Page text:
Predicting dangerous heat events for spectacled flying-foxes

Project start date: 01/04/2024
Project end date: 31/03/2027
NESP funding: $512,243 (GST-exclusive)

Spectacled flying-foxes play important roles in tropical forest ecosystems as key pollinators and seed dispersers. In Australia, their distribution spans across the Wet Tropics region and the rainforests of Cape York in northern Queensland.

Spectacled flying-fox populations have declined significantly due to historical habitat loss. But their most pressing and immediate threat is mass mortality associated with extreme heat. An extreme heatwave in 2018 resulted in the death of approximately one-third of the population. Since that event, spectacled flying-foxes have been listed as Endangered.

Although extreme heat events are rare phenomena in the Australian Wet Tropics region, their frequency and intensity have notably increased in the last decades.

Spectacled flying fox. By rollier CC BY-NC 4.0.Spectacled flying foxes. Photo: rollier CC BY-NC 4.0.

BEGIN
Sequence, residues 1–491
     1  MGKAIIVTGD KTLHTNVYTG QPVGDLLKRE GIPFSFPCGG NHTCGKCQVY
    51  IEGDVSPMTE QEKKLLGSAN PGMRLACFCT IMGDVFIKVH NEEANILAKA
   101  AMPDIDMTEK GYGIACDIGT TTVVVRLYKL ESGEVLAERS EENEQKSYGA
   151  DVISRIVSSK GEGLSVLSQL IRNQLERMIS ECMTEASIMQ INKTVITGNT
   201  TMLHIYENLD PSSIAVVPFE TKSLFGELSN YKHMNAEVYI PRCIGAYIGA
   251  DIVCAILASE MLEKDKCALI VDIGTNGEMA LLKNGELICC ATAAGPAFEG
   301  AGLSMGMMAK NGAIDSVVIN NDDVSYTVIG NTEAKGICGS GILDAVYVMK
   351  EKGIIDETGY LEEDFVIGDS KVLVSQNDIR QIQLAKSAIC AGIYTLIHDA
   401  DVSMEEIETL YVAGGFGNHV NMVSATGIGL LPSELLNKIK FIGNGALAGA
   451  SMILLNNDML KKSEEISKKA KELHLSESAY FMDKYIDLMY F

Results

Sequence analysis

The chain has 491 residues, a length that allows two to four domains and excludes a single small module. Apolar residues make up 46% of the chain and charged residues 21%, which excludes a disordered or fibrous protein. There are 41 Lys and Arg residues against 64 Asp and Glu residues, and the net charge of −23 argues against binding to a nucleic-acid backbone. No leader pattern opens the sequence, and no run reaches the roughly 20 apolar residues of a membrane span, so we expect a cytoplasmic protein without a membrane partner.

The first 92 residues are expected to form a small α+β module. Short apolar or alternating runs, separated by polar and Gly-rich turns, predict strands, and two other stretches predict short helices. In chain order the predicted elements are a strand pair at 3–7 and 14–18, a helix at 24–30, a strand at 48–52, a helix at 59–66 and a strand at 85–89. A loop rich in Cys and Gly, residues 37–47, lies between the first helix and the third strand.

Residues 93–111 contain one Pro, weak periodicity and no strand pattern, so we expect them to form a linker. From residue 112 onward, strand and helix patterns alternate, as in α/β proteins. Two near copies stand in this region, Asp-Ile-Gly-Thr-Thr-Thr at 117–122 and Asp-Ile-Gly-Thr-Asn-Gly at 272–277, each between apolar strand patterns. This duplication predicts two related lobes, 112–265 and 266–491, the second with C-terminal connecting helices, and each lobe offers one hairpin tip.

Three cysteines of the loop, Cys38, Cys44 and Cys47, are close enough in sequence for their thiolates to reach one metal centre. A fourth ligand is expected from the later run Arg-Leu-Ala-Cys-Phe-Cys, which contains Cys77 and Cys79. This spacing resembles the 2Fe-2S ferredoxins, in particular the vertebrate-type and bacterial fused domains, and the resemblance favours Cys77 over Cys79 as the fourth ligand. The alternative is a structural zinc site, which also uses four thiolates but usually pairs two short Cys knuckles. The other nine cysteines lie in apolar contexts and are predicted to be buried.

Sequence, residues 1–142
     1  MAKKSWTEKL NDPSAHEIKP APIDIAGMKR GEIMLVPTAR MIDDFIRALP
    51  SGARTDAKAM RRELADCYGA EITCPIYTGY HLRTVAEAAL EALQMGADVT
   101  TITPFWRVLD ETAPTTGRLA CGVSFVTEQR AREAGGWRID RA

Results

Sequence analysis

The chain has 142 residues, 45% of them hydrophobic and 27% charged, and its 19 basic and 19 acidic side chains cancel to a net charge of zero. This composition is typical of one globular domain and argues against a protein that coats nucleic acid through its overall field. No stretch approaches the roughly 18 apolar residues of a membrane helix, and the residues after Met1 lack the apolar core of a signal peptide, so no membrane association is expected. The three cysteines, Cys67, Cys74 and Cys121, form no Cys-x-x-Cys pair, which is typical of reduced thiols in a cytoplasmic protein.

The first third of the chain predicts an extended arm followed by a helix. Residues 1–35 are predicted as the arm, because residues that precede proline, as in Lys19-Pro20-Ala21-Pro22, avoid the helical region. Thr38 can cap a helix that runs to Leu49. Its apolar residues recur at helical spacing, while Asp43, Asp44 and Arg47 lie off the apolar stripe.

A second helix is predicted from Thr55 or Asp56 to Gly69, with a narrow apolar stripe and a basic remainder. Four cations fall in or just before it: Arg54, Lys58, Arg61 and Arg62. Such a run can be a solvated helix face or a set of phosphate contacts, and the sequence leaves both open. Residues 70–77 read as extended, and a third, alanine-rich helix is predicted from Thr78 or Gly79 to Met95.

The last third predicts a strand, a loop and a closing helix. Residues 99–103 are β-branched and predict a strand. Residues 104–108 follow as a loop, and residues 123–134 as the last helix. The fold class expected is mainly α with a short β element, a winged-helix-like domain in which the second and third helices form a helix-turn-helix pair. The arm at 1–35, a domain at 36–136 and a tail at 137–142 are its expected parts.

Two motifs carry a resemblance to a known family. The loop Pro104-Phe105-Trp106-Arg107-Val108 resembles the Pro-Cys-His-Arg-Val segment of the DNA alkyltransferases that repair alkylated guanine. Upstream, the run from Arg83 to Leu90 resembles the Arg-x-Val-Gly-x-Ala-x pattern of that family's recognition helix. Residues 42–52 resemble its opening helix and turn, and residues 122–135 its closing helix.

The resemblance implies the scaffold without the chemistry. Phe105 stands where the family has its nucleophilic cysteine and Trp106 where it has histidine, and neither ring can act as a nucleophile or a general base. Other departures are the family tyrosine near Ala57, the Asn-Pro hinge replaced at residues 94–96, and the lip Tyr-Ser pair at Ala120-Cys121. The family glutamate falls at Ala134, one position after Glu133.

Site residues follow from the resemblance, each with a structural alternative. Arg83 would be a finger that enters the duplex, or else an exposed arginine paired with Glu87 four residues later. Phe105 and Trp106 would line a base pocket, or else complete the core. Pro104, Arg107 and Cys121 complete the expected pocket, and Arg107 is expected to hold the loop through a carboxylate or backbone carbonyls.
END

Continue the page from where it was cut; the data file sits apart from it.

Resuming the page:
This project is creating a locally focussed tool capable of forecasting high-risk heat events that could impact spectacled flying-fox populations, and identifying the specific roosting sites where they will be most vulnerable during those events. This will help provide actionable guidance on the most effective interventions to mitigate the impact of these extreme events.

Interventions might include misting systems, roost-exclusion measures, and targeted revegetation efforts designed to alter the thermal environment and enhance the species’ chances of survival during extreme heat events.

  • Spectacled flying fox. By James Boettcher FNQ Nature Tours CC BY-NC 4.0.
  • Spectacled flying fox. By Nina Lester Finley CC BY-NC 4.0.
  • Spectacled Flying-Fox. By Shek Graham CC-BY-NC 2.0
  • Spectacled Flying Fox (Pteropus conspicillatus). Photo neomyrtus CC BY-NC-SA 2.0.
  • Spectacled Flying Fox (Pteropus conspicillatus). By Brendan A Ryan CC BY-NC-SA 2.0.